32. Maddy @ I'm Not Home

    November 4, 2012 at 2:25 PM

    I am in Asia atm and those pictures of chocolate cake are just too much!

    I know what you mean – it’s hard to leave somewhere you’re so attached to, especially as you know you’ll probably never live there again. At least if you stay in Europe you know you can pop over for a visit! I’m thinking of making a base for myself next year so it’s good for me to hear the perspective of someone who has done it. Good luck with the move!

    • Cole Burmester

      November 4, 2012 at 6:03 PM

      Sounds like we might be swapping places as we want to hit up Asia at the end of next year 😉 Need to swap some ideas etc

  33. Reena @ Wanderplex

    November 12, 2012 at 11:35 PM

    I think it’s really natural to crave familiarity and a sense of routine which is probably why you’re so afraid of moving on. But I think you can get that “familiarity” on the road too – you just have to travel more slowly. I find after I’m in a place for a couple of days, I start to feel more “at home”. You’ll be fine!

  34. Victor Tribunsky

    November 13, 2012 at 1:16 PM

    There are some sities in Europe where I know I could live, but I know there are some places that will be more interesting. So – constant search! 🙂

  35. Alexandra

    December 11, 2012 at 5:40 PM

    I’m nearing 20 months on the road with the longest in one spot my boyfriends home of Germany. It’s funny I never really feel at home here I actually feel more homesick when I have a base that isn’t my home. Maybe I’m crazy but I’m happier when I am on the move! Less than a month to go before another crazy 6 months of RTW travel and at least 13 new countries to visit!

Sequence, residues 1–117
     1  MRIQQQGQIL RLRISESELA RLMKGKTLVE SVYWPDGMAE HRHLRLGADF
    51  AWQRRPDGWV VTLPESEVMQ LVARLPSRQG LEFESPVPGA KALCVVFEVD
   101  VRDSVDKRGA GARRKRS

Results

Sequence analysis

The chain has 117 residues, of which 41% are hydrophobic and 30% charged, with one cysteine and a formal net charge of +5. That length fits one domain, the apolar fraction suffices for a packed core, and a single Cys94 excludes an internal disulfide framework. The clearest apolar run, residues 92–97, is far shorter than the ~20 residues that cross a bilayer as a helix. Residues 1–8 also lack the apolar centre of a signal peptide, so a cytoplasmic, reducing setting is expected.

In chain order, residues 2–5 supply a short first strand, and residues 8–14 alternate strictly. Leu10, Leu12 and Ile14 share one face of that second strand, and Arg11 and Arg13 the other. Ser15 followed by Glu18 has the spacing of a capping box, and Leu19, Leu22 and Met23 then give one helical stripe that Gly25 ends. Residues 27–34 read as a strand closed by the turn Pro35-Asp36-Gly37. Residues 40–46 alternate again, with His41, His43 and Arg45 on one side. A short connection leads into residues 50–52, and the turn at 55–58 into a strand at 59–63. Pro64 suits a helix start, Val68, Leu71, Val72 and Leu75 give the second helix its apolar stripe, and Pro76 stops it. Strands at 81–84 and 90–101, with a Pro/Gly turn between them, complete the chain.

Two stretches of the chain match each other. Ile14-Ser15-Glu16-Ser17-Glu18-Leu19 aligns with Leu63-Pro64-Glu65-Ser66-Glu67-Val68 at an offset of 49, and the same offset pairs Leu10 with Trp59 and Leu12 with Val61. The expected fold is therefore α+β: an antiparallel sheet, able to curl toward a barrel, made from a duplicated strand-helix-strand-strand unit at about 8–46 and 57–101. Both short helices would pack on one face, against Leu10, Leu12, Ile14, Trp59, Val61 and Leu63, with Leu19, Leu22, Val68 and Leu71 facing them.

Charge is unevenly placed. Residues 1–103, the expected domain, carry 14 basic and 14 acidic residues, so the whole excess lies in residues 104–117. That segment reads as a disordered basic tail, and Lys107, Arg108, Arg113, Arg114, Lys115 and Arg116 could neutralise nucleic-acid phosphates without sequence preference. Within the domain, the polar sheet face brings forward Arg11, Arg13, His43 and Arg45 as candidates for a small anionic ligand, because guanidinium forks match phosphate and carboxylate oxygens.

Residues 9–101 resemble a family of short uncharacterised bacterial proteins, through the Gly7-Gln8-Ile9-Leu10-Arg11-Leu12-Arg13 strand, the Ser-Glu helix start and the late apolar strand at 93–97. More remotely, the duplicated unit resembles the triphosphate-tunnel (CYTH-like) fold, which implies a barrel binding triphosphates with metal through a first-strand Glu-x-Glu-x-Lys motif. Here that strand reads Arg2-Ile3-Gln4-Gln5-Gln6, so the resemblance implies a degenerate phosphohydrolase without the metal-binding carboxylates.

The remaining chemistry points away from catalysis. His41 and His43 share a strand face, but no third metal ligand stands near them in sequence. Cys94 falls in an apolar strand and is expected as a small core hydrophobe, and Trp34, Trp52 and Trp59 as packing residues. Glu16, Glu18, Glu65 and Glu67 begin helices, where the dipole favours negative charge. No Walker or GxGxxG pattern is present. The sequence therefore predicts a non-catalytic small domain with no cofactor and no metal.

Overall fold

• Cole Burmester

      December 12, 2012 at 1:37 AM

      Totally agree with you Alexandra! When we are travelling I often find we are too busy to think about home because we are having so many adventures! But as soon as we slow down and stop for a bit, that is when we get home sick.

  36. Teresa

    January 18, 2013 at 12:03 PM

    I completely understand how you feel. I have been back home for a couple of years and am planning to head off again in the next few months. I did it before so I know I can do it again – rent out my house and go – but… I didn’t expect to be dragging my heels (which is what I am doing). It is important to remind yourself of your goals and the reason why you are living this type of life.

    • Cole Burmester

      January 19, 2013 at 9:33 AM

      Well said Teresa! There is a much bigger picture that we sometimes forget to look at when we start staying for too long in one place. Not that staying in one place is bad necessarily, but to achieve all our dreams and see the world we really need to move around 🙂